In the long term, the Dutch government wants to move away from the social services shelter care of homeless people. Instead, people should be given their own home or place to live.
In the long term, the cabinet wants to move as far as possible away from homeless shelters
The Dutch government wants to move away as much as possible from the social reception of homeless people. Instead, people should be given their own home or place to live. In order to achieve this, 10,000 extra sheltered accommodation places for homeless people will be realised over the next eighteen months.
In the Netherlands some 40,000 people have no roof over their heads. This number is expected to increase due to the coronacrisis. State Secretary of Health, Welfare, and Sport Blokhuis finds this number of homeless people "unacceptable for one of the richest countries in the world".
A place to live is the foundation of any appropriate assistance trajectory, in other words: recovery starts with a house. That is the core of the report. Recovery begins with a house of the Council for Public Health and Society. It also contains advice to State Secretary Blokhuis to reduce homelessness.
The system is jammed and a turnaround is required
Civil society organisations such as the Salvation Army now often shelter homeless people in large dormitories. According to Blokhuis, the system is stuck and a change is needed. A place to live, including counselling, must become the starting point. That does not always have to be a complete house; sometimes a room is sufficient.
Homeless people not staying more than three months in the shelter
In the future, Blokhuis wants the homeless to be housed in a shelter for a period of no more than three months. They must move on as quickly as possible to an independent place to live, with guidance. These places will be constructed or created in, for example, empty buildings. Earlier, the government announced to give 200 million euros to municipalities.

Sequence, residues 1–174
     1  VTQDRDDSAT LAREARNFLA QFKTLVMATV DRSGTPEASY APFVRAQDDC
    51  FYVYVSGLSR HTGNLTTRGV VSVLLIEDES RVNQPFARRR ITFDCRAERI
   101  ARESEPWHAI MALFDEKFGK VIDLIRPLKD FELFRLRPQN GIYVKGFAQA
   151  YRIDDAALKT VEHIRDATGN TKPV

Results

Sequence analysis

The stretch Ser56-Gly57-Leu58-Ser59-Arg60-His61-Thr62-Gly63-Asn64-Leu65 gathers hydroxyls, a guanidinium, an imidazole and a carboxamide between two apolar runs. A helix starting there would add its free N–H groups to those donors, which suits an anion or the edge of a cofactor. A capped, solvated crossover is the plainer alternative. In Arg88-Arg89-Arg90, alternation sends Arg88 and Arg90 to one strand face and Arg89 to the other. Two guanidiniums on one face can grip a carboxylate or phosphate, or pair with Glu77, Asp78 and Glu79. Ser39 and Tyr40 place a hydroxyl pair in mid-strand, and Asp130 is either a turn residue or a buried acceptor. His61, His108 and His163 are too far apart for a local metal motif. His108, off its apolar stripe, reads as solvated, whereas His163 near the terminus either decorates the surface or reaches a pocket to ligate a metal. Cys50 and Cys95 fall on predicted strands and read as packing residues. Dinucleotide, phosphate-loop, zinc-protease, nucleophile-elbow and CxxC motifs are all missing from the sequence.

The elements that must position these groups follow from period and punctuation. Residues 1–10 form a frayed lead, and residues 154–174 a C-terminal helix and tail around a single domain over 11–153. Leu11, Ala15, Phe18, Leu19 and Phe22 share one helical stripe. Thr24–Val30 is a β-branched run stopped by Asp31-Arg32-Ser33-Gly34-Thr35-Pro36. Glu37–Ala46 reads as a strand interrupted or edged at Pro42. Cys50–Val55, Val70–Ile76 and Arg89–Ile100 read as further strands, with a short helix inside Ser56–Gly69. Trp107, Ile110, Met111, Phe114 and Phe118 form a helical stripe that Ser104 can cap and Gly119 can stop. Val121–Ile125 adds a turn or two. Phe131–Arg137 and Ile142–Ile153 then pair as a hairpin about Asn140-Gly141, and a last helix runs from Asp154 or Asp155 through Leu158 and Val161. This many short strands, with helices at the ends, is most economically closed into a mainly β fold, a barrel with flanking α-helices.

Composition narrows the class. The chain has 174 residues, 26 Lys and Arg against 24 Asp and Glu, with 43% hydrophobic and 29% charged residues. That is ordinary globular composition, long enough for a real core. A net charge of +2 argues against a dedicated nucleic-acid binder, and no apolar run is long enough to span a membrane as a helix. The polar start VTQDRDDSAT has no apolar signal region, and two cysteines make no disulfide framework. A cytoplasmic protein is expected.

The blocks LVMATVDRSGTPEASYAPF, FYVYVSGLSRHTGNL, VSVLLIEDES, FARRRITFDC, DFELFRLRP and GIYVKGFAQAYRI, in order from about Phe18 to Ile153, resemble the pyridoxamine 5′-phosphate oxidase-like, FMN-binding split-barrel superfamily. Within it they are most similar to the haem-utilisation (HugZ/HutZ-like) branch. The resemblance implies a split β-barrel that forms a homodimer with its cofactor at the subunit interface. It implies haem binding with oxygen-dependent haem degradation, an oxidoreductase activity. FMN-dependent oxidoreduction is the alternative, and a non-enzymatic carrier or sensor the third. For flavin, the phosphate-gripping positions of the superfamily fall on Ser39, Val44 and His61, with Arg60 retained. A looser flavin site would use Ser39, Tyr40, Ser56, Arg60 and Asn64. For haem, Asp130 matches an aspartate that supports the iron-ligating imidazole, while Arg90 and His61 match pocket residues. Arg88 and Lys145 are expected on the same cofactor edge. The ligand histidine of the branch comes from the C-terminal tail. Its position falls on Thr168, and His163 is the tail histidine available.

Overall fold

In addition, the government wants municipalities to do more to prevent evictions. If there is a threat of eviction as a result of debts, municipalities should report this as early as possible. They should also do more to prevent people from ending up on the street after a prison sentence or admission to a mental health institution.
Preventing homelessness is also important. For example, the number of evictions due to debt must be reduced. Municipalities are ‘encouraged’ to make agreements with housing corporations about housing places for people who are being released or discharged from, for example, detention, a mental health institution or youth care.
The 10,000 extra homes will be built by housing corporations and private entrepreneurs. Some of these will be new homes, but vacant nursing homes will also be converted. There will also be temporary container houses and prefab houses. According to Blokhuis, this will not be at the expense of house seekers who are on the waiting list.
Bekend was al dat het kabinet 200 miljoen euro uittrekt voor begeleiding van ex-daklozen, bijvoorbeeld bij het opbouwen van een dagritme of het innemen van medicijnen.
The municipalities will divide the new living space. Blokhuis expects that they will initially focus on homeless people who need little or no guidance to live independently. The heavier cases will continue to rely on social care.
In the meantime, 21 of the 43 central municipalities have submitted their regional plan and indicated that they can start with additional measures in the second half of 2020. Last week, Utrecht received 22.4 million euros to realise 200 ‘First a home’ residential places together with regional municipalities, providers, housing corporations and knowledge institutes. The plan ‘gives people a stable place to live as a first step in working on a new start’.